Bellroy is a design-obsessed Australian brand founded in 2010 to fill a gap in the carry space: meticulously crafted products that are built to last, made responsibly with sustainable materials, and priced within reach.
Co-founder and CEO Andy Fallshaw describes launching Bellroy with a close-knit crew of travel and design enthusiasts who were seeking to develop products that would help people move seamlessly through the world – whether that included daily commutes to the office, or regular visits to airport security mazes, backpacking adventures, or weekend surfing and sporting outings.
Through certified B-Corp status, purpose-driven business practices, and sustainable material development, Bellroy continues to show the world what “better” looks like. Every person’s journey is unique; Bellroy believes that brands shouldn’t define who you are but support you in pursuing the life you crave.
The team’s business philosophy has been to “take the stairs rather than the elevator;” As a result, Bellroy has grown thoughtfully and steadily from one wallet to a global business selling in 150 countries, offering over 82 carefully created products designed to be loved for as long as possible.
For more details, continue reading below the edited excerpt of my conversation with Andy.
Christopher Marquis: You’ve said that Bellroy was founded amongst friends looking for ways to make travel and moving through the world easier. Can you share more details about those conversations and what you discovered, as well as the creation of your first products?
Andy Fallshaw: Throughout human history, travel, journeys, and exploration have played a significant role in expanding perspectives and helping catalyze personal growth. Moving beyond our comfort zones, both figuratively and literally, feels central to how we grow and develop.
In 2008, a group of close friends and I found ourselves a little too comfortable in our existing careers. We wanted to push our own growth in a way that could add value to the world. And as lovers of travel, we knew that what we carried on our physical journeys, and how we carried it, made a huge difference to our confidence and willingness to go places.
Our first step on this journey was to better crystalize the space we wanted to play within. And without a commonly accepted term for this landscape, we thought ‘Carry’ made sense. So in 2009, we launched a campfire called Carryology, which was to serve as a thought space for exploring how we move through the world, and all the things we bring with us for less friction and encumbrance.
With our global campfire started, we then began working on Bellroy. When we looked at this Carry space, the most obviously broken product category was wallets. They were bulky, cumbersome, and trapped in outdated paradigms. So in 2010, we launched Bellroy with five slim wallets. By reinventing wallet design from the ground up, we could remove bulk, improve experiences, and lay the foundations for a business that did things differently.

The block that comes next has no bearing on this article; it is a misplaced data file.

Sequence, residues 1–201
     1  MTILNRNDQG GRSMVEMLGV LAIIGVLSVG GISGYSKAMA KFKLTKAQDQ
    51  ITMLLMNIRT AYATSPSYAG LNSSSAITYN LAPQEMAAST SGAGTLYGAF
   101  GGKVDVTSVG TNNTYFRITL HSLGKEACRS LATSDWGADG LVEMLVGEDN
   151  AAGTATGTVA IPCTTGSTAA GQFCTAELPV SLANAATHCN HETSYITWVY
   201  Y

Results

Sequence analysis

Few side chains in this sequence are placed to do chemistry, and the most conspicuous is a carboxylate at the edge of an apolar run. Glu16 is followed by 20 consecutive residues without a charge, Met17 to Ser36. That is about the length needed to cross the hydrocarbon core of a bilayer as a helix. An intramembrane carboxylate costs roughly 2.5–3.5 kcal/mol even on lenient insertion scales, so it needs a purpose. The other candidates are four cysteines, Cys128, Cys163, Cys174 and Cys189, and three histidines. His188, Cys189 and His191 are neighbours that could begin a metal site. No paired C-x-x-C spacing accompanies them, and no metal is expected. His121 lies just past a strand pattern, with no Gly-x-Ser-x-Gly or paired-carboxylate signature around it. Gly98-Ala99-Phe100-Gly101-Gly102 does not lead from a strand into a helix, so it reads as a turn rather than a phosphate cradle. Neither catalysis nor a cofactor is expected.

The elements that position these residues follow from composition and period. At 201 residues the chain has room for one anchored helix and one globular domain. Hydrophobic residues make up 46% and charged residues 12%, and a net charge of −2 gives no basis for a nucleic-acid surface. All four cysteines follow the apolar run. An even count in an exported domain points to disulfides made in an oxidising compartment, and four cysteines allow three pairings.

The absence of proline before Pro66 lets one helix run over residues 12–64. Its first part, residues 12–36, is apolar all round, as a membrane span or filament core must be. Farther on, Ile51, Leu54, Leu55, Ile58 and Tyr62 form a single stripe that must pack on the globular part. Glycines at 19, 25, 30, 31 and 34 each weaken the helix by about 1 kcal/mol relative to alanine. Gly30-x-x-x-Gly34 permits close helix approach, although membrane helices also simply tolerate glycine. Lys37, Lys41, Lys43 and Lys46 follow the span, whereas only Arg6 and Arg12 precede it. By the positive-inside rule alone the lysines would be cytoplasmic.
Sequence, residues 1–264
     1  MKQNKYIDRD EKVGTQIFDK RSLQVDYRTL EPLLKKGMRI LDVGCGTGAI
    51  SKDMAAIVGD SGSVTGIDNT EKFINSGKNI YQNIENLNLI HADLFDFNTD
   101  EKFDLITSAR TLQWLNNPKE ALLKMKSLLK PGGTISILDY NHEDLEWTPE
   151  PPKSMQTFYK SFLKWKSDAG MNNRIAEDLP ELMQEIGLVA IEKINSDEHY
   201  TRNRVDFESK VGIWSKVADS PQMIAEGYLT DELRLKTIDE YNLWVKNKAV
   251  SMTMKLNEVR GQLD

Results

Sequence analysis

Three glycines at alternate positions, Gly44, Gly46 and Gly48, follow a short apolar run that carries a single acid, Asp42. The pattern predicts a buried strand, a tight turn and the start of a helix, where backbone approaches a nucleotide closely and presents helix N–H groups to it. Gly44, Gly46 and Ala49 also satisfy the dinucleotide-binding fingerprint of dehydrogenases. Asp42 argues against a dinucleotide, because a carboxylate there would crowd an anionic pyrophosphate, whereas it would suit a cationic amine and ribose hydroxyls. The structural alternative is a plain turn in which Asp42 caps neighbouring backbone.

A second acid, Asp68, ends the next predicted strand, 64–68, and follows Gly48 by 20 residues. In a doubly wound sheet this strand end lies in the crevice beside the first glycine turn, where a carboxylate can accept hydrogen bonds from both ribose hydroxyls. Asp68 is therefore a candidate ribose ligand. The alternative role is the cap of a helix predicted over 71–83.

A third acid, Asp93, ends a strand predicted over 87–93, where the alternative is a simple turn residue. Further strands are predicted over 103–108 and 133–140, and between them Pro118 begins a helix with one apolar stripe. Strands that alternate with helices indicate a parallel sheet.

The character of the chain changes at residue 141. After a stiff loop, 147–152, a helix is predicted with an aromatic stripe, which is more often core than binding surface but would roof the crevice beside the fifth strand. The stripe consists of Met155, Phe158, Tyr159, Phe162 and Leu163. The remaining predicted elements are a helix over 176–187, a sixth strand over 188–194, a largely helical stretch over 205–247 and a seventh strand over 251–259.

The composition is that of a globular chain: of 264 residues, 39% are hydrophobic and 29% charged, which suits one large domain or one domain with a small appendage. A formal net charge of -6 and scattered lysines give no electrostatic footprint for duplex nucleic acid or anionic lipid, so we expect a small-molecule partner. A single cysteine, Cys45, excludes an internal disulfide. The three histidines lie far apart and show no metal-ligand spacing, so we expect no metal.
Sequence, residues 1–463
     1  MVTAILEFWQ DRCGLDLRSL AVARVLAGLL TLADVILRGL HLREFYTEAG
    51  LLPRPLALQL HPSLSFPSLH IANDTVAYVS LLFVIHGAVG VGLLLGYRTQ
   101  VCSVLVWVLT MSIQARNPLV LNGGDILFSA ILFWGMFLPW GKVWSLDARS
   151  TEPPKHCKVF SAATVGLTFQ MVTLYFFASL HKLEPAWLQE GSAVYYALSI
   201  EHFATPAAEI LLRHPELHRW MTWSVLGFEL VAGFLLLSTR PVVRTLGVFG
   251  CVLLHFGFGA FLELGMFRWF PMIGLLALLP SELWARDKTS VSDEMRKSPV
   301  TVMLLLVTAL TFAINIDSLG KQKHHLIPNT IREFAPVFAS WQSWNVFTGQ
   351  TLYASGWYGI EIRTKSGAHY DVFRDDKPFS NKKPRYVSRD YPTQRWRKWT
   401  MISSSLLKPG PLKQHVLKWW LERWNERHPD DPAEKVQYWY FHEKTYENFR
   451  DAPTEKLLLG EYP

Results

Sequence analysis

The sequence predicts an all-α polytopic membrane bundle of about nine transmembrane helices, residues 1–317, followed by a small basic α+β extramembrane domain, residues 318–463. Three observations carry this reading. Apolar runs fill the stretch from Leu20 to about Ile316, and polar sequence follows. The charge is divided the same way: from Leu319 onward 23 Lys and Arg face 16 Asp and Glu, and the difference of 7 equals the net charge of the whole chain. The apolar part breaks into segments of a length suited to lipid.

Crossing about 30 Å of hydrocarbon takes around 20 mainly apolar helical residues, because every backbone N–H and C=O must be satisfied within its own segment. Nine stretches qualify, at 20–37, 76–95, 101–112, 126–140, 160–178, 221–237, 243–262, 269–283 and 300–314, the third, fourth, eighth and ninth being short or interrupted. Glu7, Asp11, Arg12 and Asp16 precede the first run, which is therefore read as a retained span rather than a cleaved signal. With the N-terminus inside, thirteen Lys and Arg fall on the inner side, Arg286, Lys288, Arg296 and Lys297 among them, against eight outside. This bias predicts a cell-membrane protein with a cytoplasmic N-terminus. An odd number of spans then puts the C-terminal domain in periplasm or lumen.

Marquis: How does Bellroy create a balance of fashion and utility?
Fallshaw: We’ve always loved the idea that humans can celebrate rational, emotional, and cultural values, without needing to neglect one value for the sake of the others. The better we design, the more those distinctions dissolve.
So we begin with our Bellroy culture, where fashion and style are celebrated as an expression of emotional and cultural values, and then genuine utility champions our rational needs.
With that Bellroy culture as our foundation, we have then shaped an iterative development process within which cohesive designs can emerge. With in-house maker labs, our teams bring together designers, developers, pattern makers, and engineers to conceive and develop physical products that start as an idea to explore, quickly move into samples we can interact with, and then rapidly evolve and gain resolution until we’re confident that style and function are blended seamlessly.
That’s when our customers get to see and experience these products, and if we’ve achieved our goals, that’s where the customer gets to weave their own stories and values into the products. We believe the best products are better on Day 1000 than they were on Day 1, because the product has become uniquely theirs, adapting to their own rational, emotional, and cultural style.
Marquis: You describe your approach to creating as “taking the, not the elevator” – how does this approach help Bellroy stairs to thrive in a world that puts so much emphasis on fast fashion and instant gratification?
Fallshaw: Much of the fashion industry is based around a ‘push’ system. Brands guess at which new things customers will want, build inventory, and push that on to retailers who then push it onto consumers. Most of the guesses are not quite right, so there’s then excess inventory and rampant discounting to clear the stock. This doesn’t feel optimal for anyone, and especially not for the planet.
By taking a more patient approach centered around a ‘pull’ system, we can avoid many of these broken paradigms.
We don’t design seasonal ranges, but rather strive for ‘modern classics’ that can transcend ephemeral seasonal trends. Even after launch, our products continue our iterative approach. We learn from how customers are experiencing our products, we engage with highly calibrated users such as our Carryology community, and we weave that learning back into even better iterations of our styles. For instance, our Bellroy Slim Sleeve wallet has gone through over 22 improvements since its release over a decade ago. It’s still a Slim Sleeve, but every generation gets a little bit better.